Just a (relatively) "quiet" issue involving the characters just being PEOPLE, being a family, being…"normal." Being RELATABLE.

And there was certainly some impact from the bulk of the issue being flashbacks. There’s a sense of trepidation as the issue opens, and as Jean and Jubilee begin to talk and it becomes obvious that something really important has happened. To become increasingly aware of what it was, and that it has already happened–there’s not that "will they or won’t they" wondering, and not even that "hope" of some last-second save. Just the details unfolding and dealing with the loss this family–immediate and extended–has suffered.

The art is good, but in a way, it’s almost forgettable. Not in a bad way, mind you–but in that it has no particular problems or such to distract from the story itself, and so the story is just experienced. For me, it’s also that the dialogue and the fact of what’s happened that drives the issue…the artwork is there because it’s a comic book, a visual medium. But it’s the characters’ interactions, what they have to say to each other about stuff that matters more. And there’s nothing for some big double-paged splash scenes missing dialogue. That the art "disappears" into the "story" makes it a strong positive to me.

The events of this issue come out of then-recent plot elements in the X-titles, particularly out of the crossover event The X-Cutioner’s Song. If I’m recalling correctly, Illyana’s death was the first from the Legacy Virus…before the virus had even been named. It heavily influenced immediate changes such as Colossus first defecting to Magneto for a time and then eventually spending some time overseas with Excalibur before ultimately returning to the X-Men and then dying himself to activate a cure for the Legacy virus…and later both brother and sister resurrected and so on to where-ever the X-books and all the characters are in 2020 preset-day.

The issue stands along pretty well the way it’s written. And as the cover proclaims–"If you read only ONE X-Title this month–this issue MUST be it!" If you find this issue in a bargain-bin: 25-cent, 50-cent, even $1 or so…it’s well worth the read, and without even really NEEDING much context. But having read it will lend contextual value to most anything else X-related to be read that was published from 1993-2000/2001 or so in particular…including the (in?)famous Age of Apocalypse.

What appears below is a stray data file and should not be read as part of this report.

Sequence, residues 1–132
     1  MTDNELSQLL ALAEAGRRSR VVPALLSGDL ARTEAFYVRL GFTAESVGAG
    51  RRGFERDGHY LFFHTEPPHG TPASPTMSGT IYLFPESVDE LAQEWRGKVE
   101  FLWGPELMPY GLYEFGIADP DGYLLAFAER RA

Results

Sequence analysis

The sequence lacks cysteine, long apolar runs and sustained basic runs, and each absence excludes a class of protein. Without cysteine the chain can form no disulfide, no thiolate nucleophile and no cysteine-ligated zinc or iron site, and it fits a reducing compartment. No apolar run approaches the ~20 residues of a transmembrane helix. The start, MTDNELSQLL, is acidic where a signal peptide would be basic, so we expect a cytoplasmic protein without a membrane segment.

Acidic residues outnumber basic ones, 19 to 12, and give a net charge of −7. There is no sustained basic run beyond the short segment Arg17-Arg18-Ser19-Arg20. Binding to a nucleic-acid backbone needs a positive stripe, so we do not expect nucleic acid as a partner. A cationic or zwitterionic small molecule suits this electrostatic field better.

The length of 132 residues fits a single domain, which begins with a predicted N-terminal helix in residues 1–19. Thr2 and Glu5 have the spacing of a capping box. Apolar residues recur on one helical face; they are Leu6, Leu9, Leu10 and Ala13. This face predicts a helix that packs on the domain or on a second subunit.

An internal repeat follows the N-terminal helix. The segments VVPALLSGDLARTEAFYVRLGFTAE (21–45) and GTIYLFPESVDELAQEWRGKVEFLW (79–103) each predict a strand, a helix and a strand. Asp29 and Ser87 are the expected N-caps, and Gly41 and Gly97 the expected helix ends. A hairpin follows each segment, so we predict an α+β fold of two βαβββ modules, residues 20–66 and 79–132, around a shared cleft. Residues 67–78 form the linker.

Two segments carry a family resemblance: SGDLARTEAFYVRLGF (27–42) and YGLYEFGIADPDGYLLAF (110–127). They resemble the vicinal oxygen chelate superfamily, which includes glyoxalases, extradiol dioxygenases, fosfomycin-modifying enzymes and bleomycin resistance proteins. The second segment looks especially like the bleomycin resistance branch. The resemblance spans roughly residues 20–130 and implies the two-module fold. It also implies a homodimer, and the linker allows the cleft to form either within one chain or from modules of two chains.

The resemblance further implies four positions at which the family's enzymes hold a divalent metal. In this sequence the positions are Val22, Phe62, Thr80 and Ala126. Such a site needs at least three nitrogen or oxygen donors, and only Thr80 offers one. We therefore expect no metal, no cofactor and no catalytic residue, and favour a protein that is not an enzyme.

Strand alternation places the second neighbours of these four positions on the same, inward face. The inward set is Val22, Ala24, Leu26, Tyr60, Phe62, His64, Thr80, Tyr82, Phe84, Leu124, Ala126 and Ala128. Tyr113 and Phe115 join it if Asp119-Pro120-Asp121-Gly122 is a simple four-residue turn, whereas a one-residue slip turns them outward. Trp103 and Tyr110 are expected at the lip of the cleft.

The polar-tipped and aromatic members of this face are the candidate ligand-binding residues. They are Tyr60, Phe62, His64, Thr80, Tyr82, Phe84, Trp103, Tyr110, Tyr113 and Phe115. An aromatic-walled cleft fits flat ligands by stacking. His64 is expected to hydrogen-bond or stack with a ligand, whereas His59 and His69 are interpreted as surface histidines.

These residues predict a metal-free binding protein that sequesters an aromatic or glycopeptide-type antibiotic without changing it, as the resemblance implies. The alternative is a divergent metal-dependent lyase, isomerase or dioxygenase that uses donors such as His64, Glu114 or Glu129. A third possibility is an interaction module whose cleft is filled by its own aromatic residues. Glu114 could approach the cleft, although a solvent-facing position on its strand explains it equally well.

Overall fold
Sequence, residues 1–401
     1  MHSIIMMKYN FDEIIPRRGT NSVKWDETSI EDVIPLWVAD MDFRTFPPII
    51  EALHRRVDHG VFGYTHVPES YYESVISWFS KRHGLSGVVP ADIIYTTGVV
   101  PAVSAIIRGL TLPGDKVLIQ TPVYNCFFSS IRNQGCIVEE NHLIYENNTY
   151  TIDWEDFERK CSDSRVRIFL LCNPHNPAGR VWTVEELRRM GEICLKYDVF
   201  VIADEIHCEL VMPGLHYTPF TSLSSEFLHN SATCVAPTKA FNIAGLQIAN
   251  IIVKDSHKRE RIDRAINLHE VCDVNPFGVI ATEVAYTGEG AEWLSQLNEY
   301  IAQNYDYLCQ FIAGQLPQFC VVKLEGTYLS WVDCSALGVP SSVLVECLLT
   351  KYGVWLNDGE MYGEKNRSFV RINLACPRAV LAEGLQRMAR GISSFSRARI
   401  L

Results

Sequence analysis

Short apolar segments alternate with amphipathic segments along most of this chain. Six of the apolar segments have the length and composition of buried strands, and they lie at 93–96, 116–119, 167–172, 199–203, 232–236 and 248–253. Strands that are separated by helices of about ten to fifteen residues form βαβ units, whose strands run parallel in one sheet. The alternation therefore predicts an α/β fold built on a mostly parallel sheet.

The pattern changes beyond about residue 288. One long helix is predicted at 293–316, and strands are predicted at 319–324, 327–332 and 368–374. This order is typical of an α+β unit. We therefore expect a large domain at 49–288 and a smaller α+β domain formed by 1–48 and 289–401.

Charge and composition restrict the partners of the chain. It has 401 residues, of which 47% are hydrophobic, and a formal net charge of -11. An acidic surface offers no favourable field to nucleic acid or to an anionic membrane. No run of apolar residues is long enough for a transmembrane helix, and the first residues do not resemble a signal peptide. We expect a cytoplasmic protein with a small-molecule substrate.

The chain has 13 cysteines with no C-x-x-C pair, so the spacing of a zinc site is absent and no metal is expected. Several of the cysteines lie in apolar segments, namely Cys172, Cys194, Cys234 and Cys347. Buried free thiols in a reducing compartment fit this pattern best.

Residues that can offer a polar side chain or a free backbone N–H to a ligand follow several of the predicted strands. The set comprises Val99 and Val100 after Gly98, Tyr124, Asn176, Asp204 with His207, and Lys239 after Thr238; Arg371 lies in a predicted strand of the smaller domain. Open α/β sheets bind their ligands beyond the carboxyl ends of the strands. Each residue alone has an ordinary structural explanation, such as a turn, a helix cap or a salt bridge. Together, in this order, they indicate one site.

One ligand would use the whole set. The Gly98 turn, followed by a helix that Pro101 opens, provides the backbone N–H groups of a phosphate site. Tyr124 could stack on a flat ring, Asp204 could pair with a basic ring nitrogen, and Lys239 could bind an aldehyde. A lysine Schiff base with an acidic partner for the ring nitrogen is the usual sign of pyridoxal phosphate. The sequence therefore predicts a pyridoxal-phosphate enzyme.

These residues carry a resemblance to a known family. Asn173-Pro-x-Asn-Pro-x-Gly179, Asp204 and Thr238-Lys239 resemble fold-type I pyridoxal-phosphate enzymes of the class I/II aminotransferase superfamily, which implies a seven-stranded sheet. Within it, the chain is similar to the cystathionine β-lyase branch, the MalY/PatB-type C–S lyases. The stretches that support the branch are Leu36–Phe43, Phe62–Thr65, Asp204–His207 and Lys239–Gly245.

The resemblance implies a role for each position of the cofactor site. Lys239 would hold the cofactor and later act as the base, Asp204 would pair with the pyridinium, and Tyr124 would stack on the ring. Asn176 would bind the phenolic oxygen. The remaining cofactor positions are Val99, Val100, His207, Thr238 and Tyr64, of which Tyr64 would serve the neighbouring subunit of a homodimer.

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A 100-Issue Goal Extension and a Grail

Last month with a rare day off of work, I was able to dig into some quarter bins at a shop outta my usually weekly reach. And had a few good finds that led into a HUGE (for me) find. And then just over a week later, got a Grail comic that I’ve been after for years.

Let’s dive on in…

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I’m a sucker for older TMNT stuff. I need to get my list(s) re-updated to be sure of what I do and don’t still need. I’m pretty sure this Turtle Soup issue is a duplicate, but for 25 cents, not one to pass up. I also hadn’t realized how damaged the TMNT Adventures issue was…but it’s a newsstand edition of one of the first issues I ever got, off a spinner rack in Waldenbooks. A couple of Atari Force issues caught my eye…as did Invasion! #s 1-3 and the Wonder Woman tie-in.

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Then G.I.Joe/Transformers 1-4 (the complete mini-series) for only $1 was a no-brainer. Ditto the Contest of Champions mini and Thor #400.

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Though not quite in order, I realized there was a run of early Marvel Comics Presents, and rather than "cherry-pick" the #1, I snagged the "run." 8 issues…

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…and then the next 8. For less than the price of an issue of the new iteration of the title in 2019, I snagged the first 16 issues of the original.